Machines Take Over Journalism
Published: Thursday, May 3, 2012
Updated: Thursday, May 3, 2012 11:05
I suppose it’s time to throw in the towel. The machines have won. Soon we’ll all be plugged into an alternate reality, with Keanu Reeves dodging bullets in slow motion while the rest of us are harvested for energy.
At least that seems to be the next step as computer programs that write news stories are being built.
Automated news writing services are starting to pop up — especially in finance and sports journalism — as a cheaper and more efficient way to produce stories.
Companies such as Narrative Science and Automated Insights have developed software that is adept at taking massive amounts of data and turning them into a few short, understandable paragraphs.
What’s worse is that the stories the program churns out in half a minute read like human reports. It’s a scary concept, especially to a journalism student. As if the industry we’re looking to enter wasn’t already in danger. Now, what few jobs are left in journalism could be going to computers.
Kristian Hammond, the cofounder of Narrative Science, said he predicted that 90 percent of news stories would be written by computers in 15 years in a recent story published in “Wired.”
My math skills aren’t great, but I believe that leaves 10 percent of stories for us human writers. And if we extrapolate that exponential curve for the next 50 years, it would seem that virtually all news stories will be written by a computer and I might have some trouble paying off my student loans.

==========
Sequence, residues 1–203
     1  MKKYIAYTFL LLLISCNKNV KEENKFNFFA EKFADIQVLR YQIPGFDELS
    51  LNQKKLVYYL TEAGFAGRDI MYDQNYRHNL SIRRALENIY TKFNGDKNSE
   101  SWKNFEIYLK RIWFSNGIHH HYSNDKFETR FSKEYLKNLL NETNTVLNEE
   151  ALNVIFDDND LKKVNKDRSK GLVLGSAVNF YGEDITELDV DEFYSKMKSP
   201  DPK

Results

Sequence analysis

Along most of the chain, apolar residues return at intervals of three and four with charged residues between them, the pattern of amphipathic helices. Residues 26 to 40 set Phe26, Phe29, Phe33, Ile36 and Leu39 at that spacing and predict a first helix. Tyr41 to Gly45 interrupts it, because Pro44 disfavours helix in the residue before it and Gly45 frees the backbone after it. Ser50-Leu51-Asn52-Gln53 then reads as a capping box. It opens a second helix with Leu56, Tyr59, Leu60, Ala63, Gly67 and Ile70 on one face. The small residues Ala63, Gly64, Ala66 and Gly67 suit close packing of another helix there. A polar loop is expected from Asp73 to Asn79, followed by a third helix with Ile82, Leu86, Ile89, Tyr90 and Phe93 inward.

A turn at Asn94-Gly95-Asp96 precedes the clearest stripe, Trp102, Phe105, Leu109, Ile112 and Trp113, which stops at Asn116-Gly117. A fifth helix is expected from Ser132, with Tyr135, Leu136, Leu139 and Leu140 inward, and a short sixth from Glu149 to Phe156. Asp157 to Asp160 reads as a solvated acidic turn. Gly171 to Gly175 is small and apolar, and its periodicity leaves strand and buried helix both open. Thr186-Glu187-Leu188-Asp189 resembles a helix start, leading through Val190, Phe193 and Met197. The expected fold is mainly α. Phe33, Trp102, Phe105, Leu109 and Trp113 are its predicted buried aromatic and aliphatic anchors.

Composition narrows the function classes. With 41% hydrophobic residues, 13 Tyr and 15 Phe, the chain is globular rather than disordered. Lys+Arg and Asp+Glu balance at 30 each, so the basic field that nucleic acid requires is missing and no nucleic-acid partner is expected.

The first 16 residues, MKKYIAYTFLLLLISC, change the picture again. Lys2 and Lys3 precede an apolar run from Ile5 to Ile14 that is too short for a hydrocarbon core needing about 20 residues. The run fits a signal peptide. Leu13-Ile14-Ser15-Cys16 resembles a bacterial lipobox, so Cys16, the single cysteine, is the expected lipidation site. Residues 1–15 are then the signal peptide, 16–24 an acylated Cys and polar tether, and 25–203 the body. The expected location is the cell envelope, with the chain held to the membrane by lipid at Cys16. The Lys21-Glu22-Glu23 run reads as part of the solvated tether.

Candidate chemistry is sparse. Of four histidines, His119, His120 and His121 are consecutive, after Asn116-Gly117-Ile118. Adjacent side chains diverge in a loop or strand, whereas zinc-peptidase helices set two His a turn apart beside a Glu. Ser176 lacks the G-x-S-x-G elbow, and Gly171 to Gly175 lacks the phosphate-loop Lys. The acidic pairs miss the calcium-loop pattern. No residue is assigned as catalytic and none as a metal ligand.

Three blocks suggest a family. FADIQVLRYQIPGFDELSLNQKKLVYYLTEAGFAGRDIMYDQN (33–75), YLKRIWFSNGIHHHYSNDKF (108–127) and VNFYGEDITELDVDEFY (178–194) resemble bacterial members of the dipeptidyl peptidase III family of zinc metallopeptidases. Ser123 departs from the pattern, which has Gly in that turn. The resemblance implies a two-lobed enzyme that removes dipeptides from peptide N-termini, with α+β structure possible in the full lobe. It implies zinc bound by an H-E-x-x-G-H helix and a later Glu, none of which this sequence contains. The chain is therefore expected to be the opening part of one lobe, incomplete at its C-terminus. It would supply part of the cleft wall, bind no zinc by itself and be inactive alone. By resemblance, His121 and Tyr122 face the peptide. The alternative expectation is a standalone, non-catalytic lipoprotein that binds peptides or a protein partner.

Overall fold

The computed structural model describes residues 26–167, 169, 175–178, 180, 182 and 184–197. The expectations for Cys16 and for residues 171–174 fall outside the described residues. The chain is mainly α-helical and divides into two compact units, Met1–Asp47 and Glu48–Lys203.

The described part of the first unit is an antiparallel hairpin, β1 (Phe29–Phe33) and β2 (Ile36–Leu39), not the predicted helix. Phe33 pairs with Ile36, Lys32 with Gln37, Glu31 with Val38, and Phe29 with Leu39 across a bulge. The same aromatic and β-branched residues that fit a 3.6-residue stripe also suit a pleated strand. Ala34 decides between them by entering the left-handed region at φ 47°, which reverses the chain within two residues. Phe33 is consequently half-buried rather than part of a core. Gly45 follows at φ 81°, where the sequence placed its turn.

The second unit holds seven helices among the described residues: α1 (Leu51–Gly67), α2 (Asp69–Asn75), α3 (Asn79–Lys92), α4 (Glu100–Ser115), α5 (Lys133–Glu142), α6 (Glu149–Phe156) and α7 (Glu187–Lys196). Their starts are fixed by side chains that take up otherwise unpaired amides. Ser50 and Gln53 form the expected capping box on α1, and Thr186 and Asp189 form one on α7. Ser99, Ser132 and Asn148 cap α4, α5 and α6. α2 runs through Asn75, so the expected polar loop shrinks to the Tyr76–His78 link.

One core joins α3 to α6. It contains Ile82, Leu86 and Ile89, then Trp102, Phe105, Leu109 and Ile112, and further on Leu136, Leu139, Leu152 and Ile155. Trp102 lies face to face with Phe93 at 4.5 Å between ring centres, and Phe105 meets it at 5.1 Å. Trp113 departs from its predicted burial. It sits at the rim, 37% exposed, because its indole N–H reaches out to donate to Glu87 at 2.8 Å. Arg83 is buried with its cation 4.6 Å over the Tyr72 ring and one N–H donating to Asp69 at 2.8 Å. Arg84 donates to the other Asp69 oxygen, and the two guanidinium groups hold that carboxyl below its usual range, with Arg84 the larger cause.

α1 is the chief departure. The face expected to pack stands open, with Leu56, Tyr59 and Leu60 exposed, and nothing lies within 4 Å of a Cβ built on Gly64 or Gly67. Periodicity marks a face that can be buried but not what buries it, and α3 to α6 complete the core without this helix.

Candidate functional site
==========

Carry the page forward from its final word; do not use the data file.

The bad news doesn’t end there. The algorithm can be trained to write in different tones of voice. Snarky blogger? Check. Straight laced business reporter? Check. Loud and annoying Fox News journalist? Check.
Hammond predicted that a computer would win a Pulitzer within five years. Then what? An Oscar for a T-1000 that’s trying to kill John Connor? Will HAL win a Grammy for his performance of “Daisy Bell” after terminating the crew of the Discovery One?
Automated writing services open up Pandora’s Box and I don’t even mean just for journalism. If a computer writes the next “Great Gatsby,” is it art? If computers can analyze data and turn it into a narrative thought process, where is the line between human and machine?
If computers can turn raw data into a story in a matter of seconds, the science behind these companies could be used to make fast and brilliant insights in plenty of industries.
A computer could theoretically manage a company — determining where improvement needs to be made or finding and even praising the top performers.
For now though, it seems like journalists are the only one’s whose job is on the line. Narrative Science is focused on journalism. Even then, the algorithm is still best suited for data driven reporting such as sports and finances. And beyond that, the algorithm is currently used to cover what journalists aren’t, such as little league baseball games.
Still, I think I might just stick to the blue pill. I don’t think I want to know how deep the rabbit hole goes.
Matthew Rupel is a junior communication major and editor in chief of The Santa Clara.